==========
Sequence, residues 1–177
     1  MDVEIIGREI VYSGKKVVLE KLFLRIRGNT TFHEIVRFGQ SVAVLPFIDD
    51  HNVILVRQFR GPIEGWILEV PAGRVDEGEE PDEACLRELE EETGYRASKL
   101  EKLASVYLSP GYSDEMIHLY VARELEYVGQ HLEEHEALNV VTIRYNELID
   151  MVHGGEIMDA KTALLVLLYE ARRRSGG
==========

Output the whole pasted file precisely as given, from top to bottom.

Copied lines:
Sequence, residues 1–177
     1  MDVEIIGREI VYSGKKVVLE KLFLRIRGNT TFHEIVRFGQ SVAVLPFIDD
    51  HNVILVRQFR GPIEGWILEV PAGRVDEGEE PDEACLRELE EETGYRASKL
   101  EKLASVYLSP GYSDEMIHLY VARELEYVGQ HLEEHEALNV VTIRYNELID
   151  MVHGGEIMDA KTALLVLLYE ARRRSGG